Wednesday 28 July 2021

Summerland, or the Spookiness of Rural England in August

Rural southern England is, for the tourist, like an archipelago of island villages separated from each other by gulfs of agricultural sea - fields, hedgerows, trees, tiny single lane roads, footpaths, ditches, brambles, woodland. 

Each village you pass through while driving is quaint, pretty, sleepy, and prosperous - pink/blue/yellow houses; ancient sprawling oaks on wide, perfectly trimmed greens; roadside stalls containing fresh eggs and honey; always a big 15th century pub with lots of BMWs and Mercedes parked outside; always an ornate, grand and beautiful church, impossibly large for such a small settlement and with an impossibly large graveyard dotted with yew trees; always a village hall with colourful bunting. 

Then within less than a minute you have driven through and you are on the other side and in a different world. Hedgerows cramp you in, occlude your vision. Through gaps in the foliage you see fields sweltering in the sun; copses of brooding trees, big and green; scarecrows; deer; distant farmhouses and water towers. On a hot day with no other cars on the road and storm clouds brewing in the distance you feel as though this landscape could have been here forever, and indeed could be endless - that you could drive for the rest of your life and see nothing but more fields, more woods, more scarecrows, more dilapidated barns and far-off solitary dwellings. 

Until you come to another village and a 30 mph speed limit sign and the pattern repeats. 

As a northerner and a city dweller I find this landscape both beautiful and disturbing. The truth is, I am more comfortable in the north's wild moors and bleak, windswept hills than I am in this bucolic bricolage where the furniture of a rural idyll - the hedges, fields, and country lanes - seem almost to crowd you in and swallow you. You are not being welcomed into rural bliss. You are darting from village to village, hoping that somewhere in between you don't stray down the wrong road and get gulped down into a timeless, measureless void - a countryside labyrinth from which there is no return and that will hold you suspended like an insect in amber for the rest of eternity. 

I envisage a setting in which the people dwell in small villages between which are fields and woodlands carefully husbanded by things that are malevolent and strange. The village-dwellers never stray beyond their boundaries unless they can possibly help it, and when they do, they always stick to the tried and true paths. They never go over that style, or go down that side track, or go into that copse. And as soon as they see somebody out there, working in the fields or walking down a track, hoe in hand, they freeze - or flee in terror. They live surrounded by the fear of long, hot, hazy afternoons when the fields doze in the heat; of mornings cool with mist and dew when the dwellers of the farmland are abroad; of the sudden eruption of motion as wood pigeons are disturbed by someone walking through the trees; of the distant sound of gunfire - pop pop pop - and bugles that signal a hunt has begun...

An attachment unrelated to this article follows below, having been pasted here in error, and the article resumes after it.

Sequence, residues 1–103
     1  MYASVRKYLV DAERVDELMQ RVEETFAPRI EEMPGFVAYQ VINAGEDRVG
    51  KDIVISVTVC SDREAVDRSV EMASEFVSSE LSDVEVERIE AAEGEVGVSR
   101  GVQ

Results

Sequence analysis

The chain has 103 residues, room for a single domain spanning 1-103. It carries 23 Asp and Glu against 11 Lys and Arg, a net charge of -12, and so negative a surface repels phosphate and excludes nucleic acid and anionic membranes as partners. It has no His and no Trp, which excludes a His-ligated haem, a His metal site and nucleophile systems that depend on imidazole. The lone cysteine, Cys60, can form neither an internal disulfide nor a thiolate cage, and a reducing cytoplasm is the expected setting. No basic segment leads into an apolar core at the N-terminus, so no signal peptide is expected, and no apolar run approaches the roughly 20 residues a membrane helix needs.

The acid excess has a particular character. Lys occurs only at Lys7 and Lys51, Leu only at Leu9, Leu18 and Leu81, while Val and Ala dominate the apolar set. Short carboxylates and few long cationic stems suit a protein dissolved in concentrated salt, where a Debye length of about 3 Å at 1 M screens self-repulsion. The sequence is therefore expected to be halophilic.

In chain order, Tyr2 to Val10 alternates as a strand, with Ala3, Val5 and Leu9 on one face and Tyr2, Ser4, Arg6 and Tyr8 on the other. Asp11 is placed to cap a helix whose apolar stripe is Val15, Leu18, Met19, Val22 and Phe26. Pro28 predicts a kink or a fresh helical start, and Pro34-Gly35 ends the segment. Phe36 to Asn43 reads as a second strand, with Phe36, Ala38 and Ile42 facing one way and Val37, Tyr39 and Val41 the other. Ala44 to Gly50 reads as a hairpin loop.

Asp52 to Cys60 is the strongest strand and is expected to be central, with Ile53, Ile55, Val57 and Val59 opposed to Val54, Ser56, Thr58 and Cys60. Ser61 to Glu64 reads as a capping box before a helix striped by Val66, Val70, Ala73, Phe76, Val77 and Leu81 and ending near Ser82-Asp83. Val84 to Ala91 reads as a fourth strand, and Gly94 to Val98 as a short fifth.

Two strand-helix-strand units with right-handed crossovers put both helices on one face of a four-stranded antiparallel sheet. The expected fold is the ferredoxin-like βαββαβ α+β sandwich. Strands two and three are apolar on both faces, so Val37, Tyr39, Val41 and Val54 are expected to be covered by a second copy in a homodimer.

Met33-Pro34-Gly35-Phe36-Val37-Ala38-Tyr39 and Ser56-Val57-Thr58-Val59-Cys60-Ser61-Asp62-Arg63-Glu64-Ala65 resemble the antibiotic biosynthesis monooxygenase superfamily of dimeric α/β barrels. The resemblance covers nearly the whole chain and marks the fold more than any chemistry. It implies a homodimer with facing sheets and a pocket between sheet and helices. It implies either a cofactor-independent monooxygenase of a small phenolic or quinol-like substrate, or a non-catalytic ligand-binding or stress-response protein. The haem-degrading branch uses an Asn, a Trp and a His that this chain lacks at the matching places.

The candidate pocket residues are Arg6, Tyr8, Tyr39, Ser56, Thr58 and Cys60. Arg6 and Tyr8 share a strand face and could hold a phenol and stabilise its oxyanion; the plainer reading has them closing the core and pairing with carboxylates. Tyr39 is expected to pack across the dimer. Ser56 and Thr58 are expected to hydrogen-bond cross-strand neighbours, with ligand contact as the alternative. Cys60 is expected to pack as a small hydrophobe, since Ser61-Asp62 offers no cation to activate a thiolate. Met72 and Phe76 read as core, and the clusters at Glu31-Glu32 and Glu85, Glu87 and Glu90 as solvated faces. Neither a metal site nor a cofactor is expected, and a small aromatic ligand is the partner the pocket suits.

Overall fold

Tuesday 20 July 2021

Sexing Up Language

Patrick S, the False Machine, made me think about languages in RPGs. This is one of those areas, I feel (like underwater adventuring and flying combat) which is still crying out for somebody in the OSRchipelago to revolutionise with something really useful, fresh and compelling. I will by no means attempt to do that here. But here are some thoughts about how to make languages interesting and meaningful.

1. Areal Common Tongues

Different jargons and lingua francas function in different parts of the map. So you can speak one sort of 'common' to all the monsters in hexes AA, AB, and AC, but have to use a different kind (or a translator) in hexes BA, BB, and BC. Adds a hurdle to exploration - the good kind of hurdle, which requires more engagement with the game world. 

2. Translators as Resources

Real-life explorers, I once read, often used young girls as translators, because being young and female is generally correlated with excellent language-learning ability. The PCs having to keep safe a frail adolescent on their adventures could add a lot of nuance to proceedings. But equally, you could just say that the common tongue is really difficult and requires so much training (or special equipment like whistles, flutes, drums, and so on) that it requires an expensive specialist. The PCs have to pay money to hire one, and have to stop the otherwise useless NPC from being killed into the bargain. 

3. The Common Tongue is Not Just a 'Tongue'